Roger dropped Judith off for an early morning walk. We turned right at the cemetery and took the left fork at La Briaude, weaving our way to Mescoules. The landscape, largely seen from above, was enticing. At one point Judith slipped into a field, presumably to avail herself of the facilities. She may, possibly, have found it more convenient in Sigoules. Then again, maybe not.
Looking down on some distant cattle, my companion told me they were Acquitaine blondes. They blended in beautifully with the golden fields. We found we both had a penchant for photographing tapestry landscapes. A farm vehicle with a trailer clattered towards us at great speed. As we took refuge on the grass verge, no way was it going to slow down.
We wondered whether a rabbit bounding across a farmyard had been an escapee from hutches we saw in a smallholding which looked entirely self sufficient. It had a lovely garden, a pony, pig-pens, and tomatoes flourishing among vines across the road. The owners possessed the second beagle we had disturbed on our rambling, both of us equally relieved that each dog was securely fenced in. A roadside sign was slightly less scary than the one I’d seen yesterday.
Judith had pointed out a sign to Mescoules on our previous walk. To me it had seemed to lie in a totally different direction. Chris and Frances would vouch for this since I’d managed to get us lost trying to lead them to the vivarium a couple of years ago. Having walked through that village today, I was quite pleased that we were able to direct a car driver to it on our way back. Since she hadn’t pronounced the final S, I speculated that she was from Northern France.
As usual, my friend was good company, and made what turned out to be a ninety minute walk seem much shorter. Naturally we finished up with a drink at Le Code Bar whilst waiting for Roger to collect her. Incidentally, the reggae night starts at 9.30 on 18th. August. With 45 degrees on the garden thermometer I’m glad we went out early.
This afternoon I finished reading ‘Death in Holy Orders’ by P.D.James. This is an excellent book which transcends the mere detective story, with its comprehensive understanding of human nature. The action is set in a religious community. Ordinands and guests are free to eat when and where they like, except for the evening meal, when all are expected to attend this ‘unifying celebration of community life’. This reminded me of the early days of my friendship with Ann, Don’s late wife.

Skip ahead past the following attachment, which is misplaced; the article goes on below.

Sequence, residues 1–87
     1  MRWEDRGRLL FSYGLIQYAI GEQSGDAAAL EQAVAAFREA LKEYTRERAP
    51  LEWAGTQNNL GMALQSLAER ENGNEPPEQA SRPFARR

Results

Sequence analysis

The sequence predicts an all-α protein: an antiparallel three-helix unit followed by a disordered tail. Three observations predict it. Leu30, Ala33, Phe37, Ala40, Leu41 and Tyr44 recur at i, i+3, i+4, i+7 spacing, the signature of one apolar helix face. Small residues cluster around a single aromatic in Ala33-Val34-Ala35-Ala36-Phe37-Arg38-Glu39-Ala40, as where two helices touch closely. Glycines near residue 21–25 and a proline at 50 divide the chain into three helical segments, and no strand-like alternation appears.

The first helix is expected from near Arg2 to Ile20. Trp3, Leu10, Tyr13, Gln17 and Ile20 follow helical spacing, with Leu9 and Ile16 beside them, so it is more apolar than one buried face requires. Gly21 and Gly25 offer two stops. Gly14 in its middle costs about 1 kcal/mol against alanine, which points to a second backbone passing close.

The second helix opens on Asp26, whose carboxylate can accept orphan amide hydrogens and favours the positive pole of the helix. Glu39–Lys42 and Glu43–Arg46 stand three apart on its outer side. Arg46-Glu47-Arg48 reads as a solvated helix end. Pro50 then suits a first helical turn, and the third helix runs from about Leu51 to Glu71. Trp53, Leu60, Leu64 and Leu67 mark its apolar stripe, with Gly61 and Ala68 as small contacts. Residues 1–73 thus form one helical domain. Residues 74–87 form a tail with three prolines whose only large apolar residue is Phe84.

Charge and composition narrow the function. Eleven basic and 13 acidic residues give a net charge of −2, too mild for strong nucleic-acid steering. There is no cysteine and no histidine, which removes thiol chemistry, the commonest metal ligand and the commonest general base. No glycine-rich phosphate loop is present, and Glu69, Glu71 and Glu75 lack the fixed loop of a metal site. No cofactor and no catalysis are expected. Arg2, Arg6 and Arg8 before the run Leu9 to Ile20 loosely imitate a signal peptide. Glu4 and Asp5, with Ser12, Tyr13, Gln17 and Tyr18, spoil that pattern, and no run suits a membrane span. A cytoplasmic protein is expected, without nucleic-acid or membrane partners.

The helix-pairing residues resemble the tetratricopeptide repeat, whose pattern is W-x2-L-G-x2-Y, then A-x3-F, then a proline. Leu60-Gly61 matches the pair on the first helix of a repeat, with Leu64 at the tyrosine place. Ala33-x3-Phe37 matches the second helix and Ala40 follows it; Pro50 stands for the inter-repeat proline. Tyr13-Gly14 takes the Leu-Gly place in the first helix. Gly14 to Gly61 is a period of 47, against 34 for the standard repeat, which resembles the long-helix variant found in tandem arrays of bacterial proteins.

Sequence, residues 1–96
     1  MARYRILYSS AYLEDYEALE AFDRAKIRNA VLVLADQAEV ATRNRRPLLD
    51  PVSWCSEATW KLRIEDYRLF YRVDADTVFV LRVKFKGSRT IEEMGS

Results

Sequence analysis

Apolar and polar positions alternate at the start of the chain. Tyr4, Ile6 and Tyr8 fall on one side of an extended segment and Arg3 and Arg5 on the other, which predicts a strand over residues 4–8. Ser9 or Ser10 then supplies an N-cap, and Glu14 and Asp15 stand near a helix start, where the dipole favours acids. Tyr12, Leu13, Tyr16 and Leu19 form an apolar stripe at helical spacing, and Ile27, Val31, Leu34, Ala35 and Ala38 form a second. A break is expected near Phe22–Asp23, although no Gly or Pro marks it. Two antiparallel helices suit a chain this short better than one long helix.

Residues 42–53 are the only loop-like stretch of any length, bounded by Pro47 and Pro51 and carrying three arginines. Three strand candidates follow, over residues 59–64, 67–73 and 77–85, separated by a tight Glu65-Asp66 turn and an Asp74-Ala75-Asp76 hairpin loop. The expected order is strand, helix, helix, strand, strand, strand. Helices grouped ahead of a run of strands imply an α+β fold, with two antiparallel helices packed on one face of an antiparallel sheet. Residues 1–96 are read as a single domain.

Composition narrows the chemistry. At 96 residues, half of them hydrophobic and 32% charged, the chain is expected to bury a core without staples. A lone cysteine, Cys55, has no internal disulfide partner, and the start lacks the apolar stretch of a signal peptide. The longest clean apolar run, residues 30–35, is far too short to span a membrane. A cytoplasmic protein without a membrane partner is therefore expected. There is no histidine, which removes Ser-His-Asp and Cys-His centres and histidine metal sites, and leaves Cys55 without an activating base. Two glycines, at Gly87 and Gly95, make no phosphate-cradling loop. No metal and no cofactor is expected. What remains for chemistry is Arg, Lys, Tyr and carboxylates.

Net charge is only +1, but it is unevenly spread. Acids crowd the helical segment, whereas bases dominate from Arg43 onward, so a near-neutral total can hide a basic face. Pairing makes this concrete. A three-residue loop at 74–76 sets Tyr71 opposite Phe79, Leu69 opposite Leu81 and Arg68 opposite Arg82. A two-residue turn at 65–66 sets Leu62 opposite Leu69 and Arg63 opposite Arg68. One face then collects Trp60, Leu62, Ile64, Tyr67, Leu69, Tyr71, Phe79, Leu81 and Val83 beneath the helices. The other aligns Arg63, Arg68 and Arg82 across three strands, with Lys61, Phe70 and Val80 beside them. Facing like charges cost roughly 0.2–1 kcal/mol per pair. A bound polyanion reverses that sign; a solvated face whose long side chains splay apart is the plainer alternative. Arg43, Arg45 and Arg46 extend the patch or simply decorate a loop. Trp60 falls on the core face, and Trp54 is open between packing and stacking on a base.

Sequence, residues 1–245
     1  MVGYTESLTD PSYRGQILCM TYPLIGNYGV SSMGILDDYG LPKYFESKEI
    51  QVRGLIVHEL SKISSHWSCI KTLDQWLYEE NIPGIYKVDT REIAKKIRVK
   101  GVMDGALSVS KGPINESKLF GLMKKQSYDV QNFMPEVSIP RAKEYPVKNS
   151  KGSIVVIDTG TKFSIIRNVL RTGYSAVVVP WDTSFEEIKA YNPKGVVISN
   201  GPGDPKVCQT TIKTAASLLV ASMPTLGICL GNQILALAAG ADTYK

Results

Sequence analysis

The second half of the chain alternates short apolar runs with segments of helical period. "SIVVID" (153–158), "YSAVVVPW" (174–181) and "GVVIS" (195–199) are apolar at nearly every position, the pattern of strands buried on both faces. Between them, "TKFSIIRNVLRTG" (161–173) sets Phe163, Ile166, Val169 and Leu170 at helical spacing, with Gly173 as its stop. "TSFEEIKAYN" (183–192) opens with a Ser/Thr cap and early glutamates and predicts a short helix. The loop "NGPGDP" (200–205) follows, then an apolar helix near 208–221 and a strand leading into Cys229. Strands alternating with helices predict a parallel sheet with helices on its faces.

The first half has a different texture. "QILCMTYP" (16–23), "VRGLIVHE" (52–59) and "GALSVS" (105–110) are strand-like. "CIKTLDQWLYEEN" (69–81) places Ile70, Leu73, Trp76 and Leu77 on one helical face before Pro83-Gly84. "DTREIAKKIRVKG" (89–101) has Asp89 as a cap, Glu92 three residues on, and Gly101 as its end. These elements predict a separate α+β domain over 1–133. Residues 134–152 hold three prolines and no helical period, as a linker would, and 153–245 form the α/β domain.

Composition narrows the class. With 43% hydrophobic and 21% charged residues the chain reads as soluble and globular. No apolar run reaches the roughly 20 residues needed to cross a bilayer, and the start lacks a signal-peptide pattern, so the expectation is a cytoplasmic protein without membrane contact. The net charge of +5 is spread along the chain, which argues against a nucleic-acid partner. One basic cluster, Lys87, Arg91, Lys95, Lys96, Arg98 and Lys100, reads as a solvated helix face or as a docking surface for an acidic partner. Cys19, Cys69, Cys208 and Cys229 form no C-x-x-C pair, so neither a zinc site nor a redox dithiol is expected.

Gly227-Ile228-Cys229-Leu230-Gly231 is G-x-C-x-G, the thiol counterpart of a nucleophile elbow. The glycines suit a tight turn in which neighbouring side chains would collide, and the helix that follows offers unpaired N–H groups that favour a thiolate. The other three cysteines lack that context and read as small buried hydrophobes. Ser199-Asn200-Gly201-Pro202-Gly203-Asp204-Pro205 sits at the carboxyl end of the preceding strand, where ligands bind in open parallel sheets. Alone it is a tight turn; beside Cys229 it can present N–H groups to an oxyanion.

As an Area Manager of the inner city Social Services Department of Westminster, I was continually frustrated at the lack of provision for the care of older adolescents for whom we were responsible. One of my own clients went to live in the establishment Ann was managing in Chelsea. It had been her ambition to set up a community of her model for just the group of young people we could not adequately accommodate. Through my visiting my client I realised that, in Ann, we had a gem who should be encouraged. I therefore chaired a committee, assembled by Ann, which set up The Stepping Stone Community in Finsbury Park. We rented three houses from a Housing Association; staffed it with suitable carers, and opened it to young people aged 16-plus in their last two years in care. This was additional to my employed occupation. The unique element was the ‘normal adult’, one attached to each house. The idea was that these adults, all in work, were to provide a model for the young people. Adults and adolescents alike each had a bedsit. In exchange for their accommodation the adults were contracted to attend a house meal once a week. They and the other residents took turns in producing the fare. This organisation thrived for more than twenty years in the ’70s, ’80s and ’90s. Unfortunately, because of the growing reluctance of Local Authorities to fund such agencies, we began to struggle financially. For our last five years our treasurer and I kept us afloat with personal bank guarantees. This was beginning to worry us. We therefore approached another child care agency, The Thomas Coram Foundation, seeking a merger. The Foundation had an infrastructure we couldn’t match, having benefitted from the legacy of a wealthy eighteenth century merchant. This included many valuable works of art. They welcomed our suggestion. I chaired the merger group, and eventually the long-established agency took over our project with a promise to honour its values. It is greatly to Ann’s credit that members of all sections of Stepping Stone, last year, travelled to Bungay to attend her funeral, paying tribute to how she had changed their lives.
Today was completed with chicken and chips in the square, with Stella from Le Bar. I was in the company of a Welsh family consisting of Emma, Phil, Ken, Ben and Kaylie, and baby Jessica. They were staying in the house belonging to Val, who I had met watching the England/France football match earlier in the year. She had told them they would find me in the bar. I most definitely claim I wasn’t there, but David directed them to me.